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HEALTH

‘Speeding’ emergency doctor can drive again

After outpourings of public support, prosecutors in Munich on Monday have lifted the fine and driving ban an on-call emergency doctor was to get for speeding on his way to an urgent situation.

'Speeding' emergency doctor can drive again
Dr. Alexander Hatz. Photo: DPA

The attorney-general in Munich had fined Dr. Alexander Hatz €4,500 and suspended his driving privileges after another motorist reported him for driving dangerously, but upon review, decided to drop the charges all together.

"We have dropped all fines and bans," a spokesman for the attorney general told The Local.

Hatz had filed an appeal in the case after he was reported for 'reckless driving' on his way to an emergency call in a town nine minutes away in April 2014.

A mother had reported her two-year-old dughter couldn't breathe. It turned out that the young patient had swallowed super glue. 

Hatz, a 23-year veteran of his profession, hurried the 11 kilometres to the woman's home, putting his car's siren on and flashing the emergency lights.

"On average, I drove 85km/h" Hatz told Bild newspaper. "The drive was like any other. I passed some cars, and I flashed others so they could let my drive by."

But someone was not happy with the doctor's actions and reported him for dangerous driving, leading to a massive fee and the suspension of his driving licence, which would have also put his job as an on-call emergency doctor in jeopardy.

"If this punishment goes forward, my professional life is at risk," he told the Augsburger Allgemeine last week.  

Hatz's case sparked widespread outrage in Germany, which led to a man nanmed Florian Jonitz setting up a petition at openpetition.de to advocate for Hatz's pardon.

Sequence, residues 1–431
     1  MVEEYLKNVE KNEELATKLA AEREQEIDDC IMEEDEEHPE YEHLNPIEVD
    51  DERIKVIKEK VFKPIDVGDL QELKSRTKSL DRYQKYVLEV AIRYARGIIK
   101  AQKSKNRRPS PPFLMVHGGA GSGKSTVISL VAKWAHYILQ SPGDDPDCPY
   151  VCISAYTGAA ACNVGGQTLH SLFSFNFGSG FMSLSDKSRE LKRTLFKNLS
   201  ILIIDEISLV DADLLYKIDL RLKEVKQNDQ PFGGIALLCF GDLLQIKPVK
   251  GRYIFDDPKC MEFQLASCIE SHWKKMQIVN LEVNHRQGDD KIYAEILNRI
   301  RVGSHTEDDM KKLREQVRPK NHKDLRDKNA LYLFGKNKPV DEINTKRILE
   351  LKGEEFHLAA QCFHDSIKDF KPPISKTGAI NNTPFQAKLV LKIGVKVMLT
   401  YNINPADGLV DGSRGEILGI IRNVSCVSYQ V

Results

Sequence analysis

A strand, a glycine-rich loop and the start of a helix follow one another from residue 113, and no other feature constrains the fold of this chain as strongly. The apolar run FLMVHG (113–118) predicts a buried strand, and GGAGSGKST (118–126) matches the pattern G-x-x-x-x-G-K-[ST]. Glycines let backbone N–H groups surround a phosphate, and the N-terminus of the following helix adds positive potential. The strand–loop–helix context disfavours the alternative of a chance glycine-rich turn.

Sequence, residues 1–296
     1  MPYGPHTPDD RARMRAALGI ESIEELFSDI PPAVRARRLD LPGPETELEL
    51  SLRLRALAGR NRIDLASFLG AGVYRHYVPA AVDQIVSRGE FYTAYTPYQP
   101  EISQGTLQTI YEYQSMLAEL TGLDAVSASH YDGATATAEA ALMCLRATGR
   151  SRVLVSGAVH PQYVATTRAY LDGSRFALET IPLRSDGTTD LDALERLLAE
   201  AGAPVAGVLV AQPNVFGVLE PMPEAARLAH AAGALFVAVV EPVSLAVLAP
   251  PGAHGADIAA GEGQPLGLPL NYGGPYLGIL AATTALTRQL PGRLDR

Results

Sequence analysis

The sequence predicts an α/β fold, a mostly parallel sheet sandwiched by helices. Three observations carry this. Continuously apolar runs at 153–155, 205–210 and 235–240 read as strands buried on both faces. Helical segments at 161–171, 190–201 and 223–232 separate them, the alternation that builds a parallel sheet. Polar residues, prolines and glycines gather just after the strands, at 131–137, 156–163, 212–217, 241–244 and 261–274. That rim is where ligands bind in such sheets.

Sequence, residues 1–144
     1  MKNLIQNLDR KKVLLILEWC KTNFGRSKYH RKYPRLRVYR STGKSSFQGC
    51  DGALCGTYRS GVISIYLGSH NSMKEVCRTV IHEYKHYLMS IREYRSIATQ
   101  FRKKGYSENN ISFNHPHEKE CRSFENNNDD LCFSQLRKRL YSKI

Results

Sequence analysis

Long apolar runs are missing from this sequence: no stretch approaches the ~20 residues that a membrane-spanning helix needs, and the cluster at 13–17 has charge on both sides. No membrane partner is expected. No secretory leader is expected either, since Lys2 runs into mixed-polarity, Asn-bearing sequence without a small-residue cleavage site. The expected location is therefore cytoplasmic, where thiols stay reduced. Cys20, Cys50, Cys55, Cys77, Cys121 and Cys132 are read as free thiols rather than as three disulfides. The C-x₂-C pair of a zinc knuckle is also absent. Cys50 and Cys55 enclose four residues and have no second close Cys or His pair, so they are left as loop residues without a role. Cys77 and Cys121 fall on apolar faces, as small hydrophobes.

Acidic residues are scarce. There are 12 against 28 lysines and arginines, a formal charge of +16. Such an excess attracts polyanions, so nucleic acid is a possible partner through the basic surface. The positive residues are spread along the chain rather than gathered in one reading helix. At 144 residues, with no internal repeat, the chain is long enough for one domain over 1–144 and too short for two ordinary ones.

"In driving school, one learns that one has to make room when a service vehicle comes along with sirens and emergency lights," Jonitz wrote.

"Support this petition so that all emergency vehicles who behave properly are not punished by someone else who has shown no consideration or has forgotten the rules."

The petition gathered more than 206,000 signatures in the four days since it was posted.

However, the attorney general spokesman said the public support had little to do Monday's decision.

"We re-examined the case and saw there was no reason for there to have been any kind of punishment for the doctor's actions," The Local was told.

"I am thrilled – this is a wonderful success," Hatz's lawyer Florian Engelt told the Augsburger Allgemeine on Monday. "From the beginning I said that the punishment stood on shaky ground and always argued as such."

His patient, the now three-year-old Magdalena, is fine, thanks to Hatz's help, her mother told Bild.

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DRIVING

COMPARE: Which countries in Europe have the strictest drink-drive limits?

Certain countries around Europe have stricter policies than others regarding drinking and driving and harsher punishments for those caught exceeding legal limits. Here's what you need to know.

COMPARE: Which countries in Europe have the strictest drink-drive limits?

European countries set their own driving laws and speed limits and it’s no different when it comes to legal drink-drive limits.

While the safest thing to do of course, is to drink no alcohol at all before driving it is useful to know what the limit is in the country you are driving in whether as a tourist or as someone who frequently crosses European borders by car for work.

While some countries, such as the Czech Republic, have zero tolerance for drinking and driving, in others people are allowed to have a certain amount of alcohol in their blood while driving.

However, not only can the rules be different between countries, they are usually stricter for commercial (or bus) drivers and novice drivers as well. Besides that, the blood alcohol concentration (BAC) is extremely difficult to estimate, so the old “one beer is ok” standards no longer safely apply.